I had become invisible. Or, if visible, not as welcome a sight as I once was.
It happened quite by chance, this new realization!
At a business event, growing bored, I did what I always do and inserted myself between two chatting people, who happened to be men, and proceeded to kind of flirt by default. My clever banter descended into a one-sided grilling (me asking questions and they providing answers) until one guy said to the other, “So, are we heading to that other party now or what?” Like in, get me out of here.
There it was.
Whoosh, like Alice plunging down the rabbit hole, I was suddenly not the fun girl at the party but the auntie figure we humor for a moment before moving on. And at the same time, miraculously, I had become her age opposite, I was transported back in time to my nerdiest moment of high school, horrified that I’d made a fool of myself.
Really, teen age (with its insecurities and greasy skin) and middle age (with its sags and wrinkles) are both marked by waves of hormones, mood swings and hyper-awareness of appearance, the bookends around that all-too-brief lull called young adulthood.
I recalled a conversation I’d had with a good friend who was saying that at “our age” (let’s delicately call it middle age, suggesting we will live to 100) we are invisible. As older women we are no longer desirable, no longer perceived as anything but taking up space a younger person could put to better use in the job, in the relationship, in life.
I thought she needed to up her meds. Certainly, she should speak for herself: I for one was not invisible.
Until suddenly I was. And this was the dreaded day. Age, I now realize, doesn’t creep up, it knocks you around with changes you didn’t see coming. And it happens at around 50. Where had I gone?
Did I disappear, and get replaced by a frumpy and forgettable woman?
How could I have gone from this,
to this so quickly?
If there is any good news for those of us embarking on the middle and plus years now, it is that the boomers have prepared the path, as they always have.
Magazines like Cosmo and More have softened the blow by reporting on sex, relationships and health, with pictures of the none to young to match — though More does insist on mentioning age an awful lot – “Updo’s That Won’t Age You!” ugh! That and much more just like that on fashion, make-up and life style having the effect of never letting us forget we are now of that certain age.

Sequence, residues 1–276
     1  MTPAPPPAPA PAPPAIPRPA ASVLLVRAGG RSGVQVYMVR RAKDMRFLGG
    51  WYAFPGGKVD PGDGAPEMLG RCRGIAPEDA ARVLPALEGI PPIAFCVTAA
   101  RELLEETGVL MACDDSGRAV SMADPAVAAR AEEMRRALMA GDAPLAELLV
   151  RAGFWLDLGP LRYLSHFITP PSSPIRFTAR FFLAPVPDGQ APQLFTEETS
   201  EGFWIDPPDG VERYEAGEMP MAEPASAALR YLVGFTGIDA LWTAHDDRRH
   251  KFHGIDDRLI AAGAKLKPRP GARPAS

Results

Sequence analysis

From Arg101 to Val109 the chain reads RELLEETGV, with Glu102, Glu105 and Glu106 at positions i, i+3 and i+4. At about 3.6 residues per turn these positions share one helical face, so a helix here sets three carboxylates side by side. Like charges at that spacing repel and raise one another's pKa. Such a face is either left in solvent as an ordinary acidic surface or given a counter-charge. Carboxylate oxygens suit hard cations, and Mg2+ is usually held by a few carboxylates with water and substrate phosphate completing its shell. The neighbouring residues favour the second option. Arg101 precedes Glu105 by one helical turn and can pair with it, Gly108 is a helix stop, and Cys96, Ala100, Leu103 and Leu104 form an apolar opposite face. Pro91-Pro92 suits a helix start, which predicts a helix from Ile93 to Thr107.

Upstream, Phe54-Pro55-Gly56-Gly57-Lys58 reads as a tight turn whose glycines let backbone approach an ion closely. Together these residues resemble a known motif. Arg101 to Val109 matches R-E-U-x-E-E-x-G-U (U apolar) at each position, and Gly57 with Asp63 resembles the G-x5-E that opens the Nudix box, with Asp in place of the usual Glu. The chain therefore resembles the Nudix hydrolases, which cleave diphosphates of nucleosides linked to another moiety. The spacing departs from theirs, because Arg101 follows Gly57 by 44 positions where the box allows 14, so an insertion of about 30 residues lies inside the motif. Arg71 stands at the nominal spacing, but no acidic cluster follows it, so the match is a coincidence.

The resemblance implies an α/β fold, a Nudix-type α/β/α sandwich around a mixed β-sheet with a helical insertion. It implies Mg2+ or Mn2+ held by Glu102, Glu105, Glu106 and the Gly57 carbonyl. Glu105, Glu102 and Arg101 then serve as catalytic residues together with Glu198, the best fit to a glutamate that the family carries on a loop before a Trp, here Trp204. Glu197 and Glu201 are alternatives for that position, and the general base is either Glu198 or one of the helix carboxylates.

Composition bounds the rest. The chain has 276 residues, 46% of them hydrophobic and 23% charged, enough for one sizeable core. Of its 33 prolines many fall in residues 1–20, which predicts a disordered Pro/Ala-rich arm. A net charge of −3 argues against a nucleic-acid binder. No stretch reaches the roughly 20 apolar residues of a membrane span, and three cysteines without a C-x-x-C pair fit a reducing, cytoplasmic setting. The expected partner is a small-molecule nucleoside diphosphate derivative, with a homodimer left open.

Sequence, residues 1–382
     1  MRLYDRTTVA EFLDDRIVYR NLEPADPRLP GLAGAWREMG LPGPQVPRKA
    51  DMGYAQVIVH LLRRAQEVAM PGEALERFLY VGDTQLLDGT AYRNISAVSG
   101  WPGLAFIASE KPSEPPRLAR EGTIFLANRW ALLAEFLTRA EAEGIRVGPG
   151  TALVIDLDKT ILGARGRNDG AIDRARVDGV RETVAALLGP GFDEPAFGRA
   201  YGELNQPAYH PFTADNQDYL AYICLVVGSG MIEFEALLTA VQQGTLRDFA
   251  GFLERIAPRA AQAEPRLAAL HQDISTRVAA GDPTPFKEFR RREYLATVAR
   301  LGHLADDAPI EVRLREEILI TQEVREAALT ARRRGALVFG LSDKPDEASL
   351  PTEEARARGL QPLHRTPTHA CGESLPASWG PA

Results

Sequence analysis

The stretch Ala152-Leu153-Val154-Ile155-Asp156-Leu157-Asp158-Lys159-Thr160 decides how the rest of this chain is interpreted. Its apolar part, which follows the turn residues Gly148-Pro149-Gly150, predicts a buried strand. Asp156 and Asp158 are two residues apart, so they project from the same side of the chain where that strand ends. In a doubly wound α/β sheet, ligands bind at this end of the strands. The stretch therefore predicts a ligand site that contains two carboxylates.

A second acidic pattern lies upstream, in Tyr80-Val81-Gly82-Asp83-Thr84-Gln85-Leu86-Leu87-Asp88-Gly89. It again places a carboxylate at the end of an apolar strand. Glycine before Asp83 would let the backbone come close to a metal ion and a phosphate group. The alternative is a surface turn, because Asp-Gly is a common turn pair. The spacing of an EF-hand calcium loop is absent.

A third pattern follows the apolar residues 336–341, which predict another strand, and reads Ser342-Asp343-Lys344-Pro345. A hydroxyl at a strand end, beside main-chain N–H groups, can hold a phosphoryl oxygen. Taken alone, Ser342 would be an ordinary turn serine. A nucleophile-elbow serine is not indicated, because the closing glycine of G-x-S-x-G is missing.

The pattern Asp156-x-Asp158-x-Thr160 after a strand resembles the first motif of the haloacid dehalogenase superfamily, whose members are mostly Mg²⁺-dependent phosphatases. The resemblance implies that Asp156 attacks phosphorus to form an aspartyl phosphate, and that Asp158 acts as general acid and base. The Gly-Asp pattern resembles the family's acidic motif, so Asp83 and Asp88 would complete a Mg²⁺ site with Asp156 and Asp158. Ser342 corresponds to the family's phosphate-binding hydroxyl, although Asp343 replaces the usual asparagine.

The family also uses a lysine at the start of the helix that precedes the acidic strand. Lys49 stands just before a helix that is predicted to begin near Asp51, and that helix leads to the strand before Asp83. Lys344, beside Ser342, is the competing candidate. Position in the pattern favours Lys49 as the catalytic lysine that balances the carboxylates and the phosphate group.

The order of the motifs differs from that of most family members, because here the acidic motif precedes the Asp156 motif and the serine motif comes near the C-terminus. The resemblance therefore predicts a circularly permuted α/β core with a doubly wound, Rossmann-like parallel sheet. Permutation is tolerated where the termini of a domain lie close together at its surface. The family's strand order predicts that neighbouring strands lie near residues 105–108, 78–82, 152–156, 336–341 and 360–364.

Because boomers have done nothing if not dictate shifts in outlook, popular culture has become kinder than they used to be to older women, who now thankfully appear as strong, elegant and often wonderfully dressed characters on television and in the movies.
That’s all to the good, but it doesn’t change how it feels to see blankness staring back at you where something like admiration was once evident.
Getting older signals the loss of a certain kind of power. Luckily for every action there is an equal and opposite reaction. The wolf whistles may have stopped but, if I am to be honest, I’m grateful for the silence — there was a kind of invisibility associated with that as well.
I didn’t feel especially visible or appreciated for my finer points when I was in my 20s and 30s and a man I’d hoped would do business with me, instead asked me to “go to bed” with him. Silly me, thinking the interest was professional. While it might have been easier to chat or be chatted up at a party, the more common thought was not “Wow, she’s smart” but rather “Will she or Won’t she?”
There is also a serenity that’s evident despite the unpredectable hormones of pre- or full-on menopause.
“In my youth I was ruled by hormones, but in a different way,” says a frequently flushed friend of 57. “I was always madly in love or in heart-wrenching despair at lost love or otherwise lusting after someone. My libido has quieted. My life isn’t so fraught.”
Still, it seems despite the fact that we boomers are aging in droves, ageism is alive and well in the workplace, at least according to anecdotal reports. And this is true for both sexes — an out of work male creative director in his 50s (youngish for a man) complained to me that more doors shut than opened to welcome his vast experience — the thinking being that it takes one to know one and the target demographic for most advertising is a sweet spot of people ages 18 to 35. Ridiculous, because rarely does the big money being spent come from that very young age group.
And my flushed friend, who is currently looking for a job, doesn’t want potential employers to know how old she is: “I have to leave as many jobs off the resumé as I put on it, just to keep it from looking like I am an old broad.”
When I was revising my own resumé with the help of a professional , I was advised to leave off some of my early businesses experience for the same reason — I would seem too old.
My early career is marked by memories of being terrified – “fake it till you make it, a sentiment that is now thankfully gone.
Experience feels a lot better than winging it, confidence is better for your system than bravado. Business associates and employers may be slow to acknowledge the value of experience until inexperience bites them in their soon-to-be sagging butts.
Aging undeniably means the loss of a certain kind of power. But the power of youth is a temporary gift, often clumsy and misunderstood. Being young and/or attractive is a given, but not earned.
I was shocked to realize I suddenly didn’t have that power of youth. Not quite sure what would replace it, I panicked. Now I know it has been replaced with a power that is subtler and stronger.
Is this how you feel, that you too have more power… or ?
Let me know what you think and share your own experiences with us here at YourBFFsays.com
Here’s to ‘Still Being SEXY At Seventy’.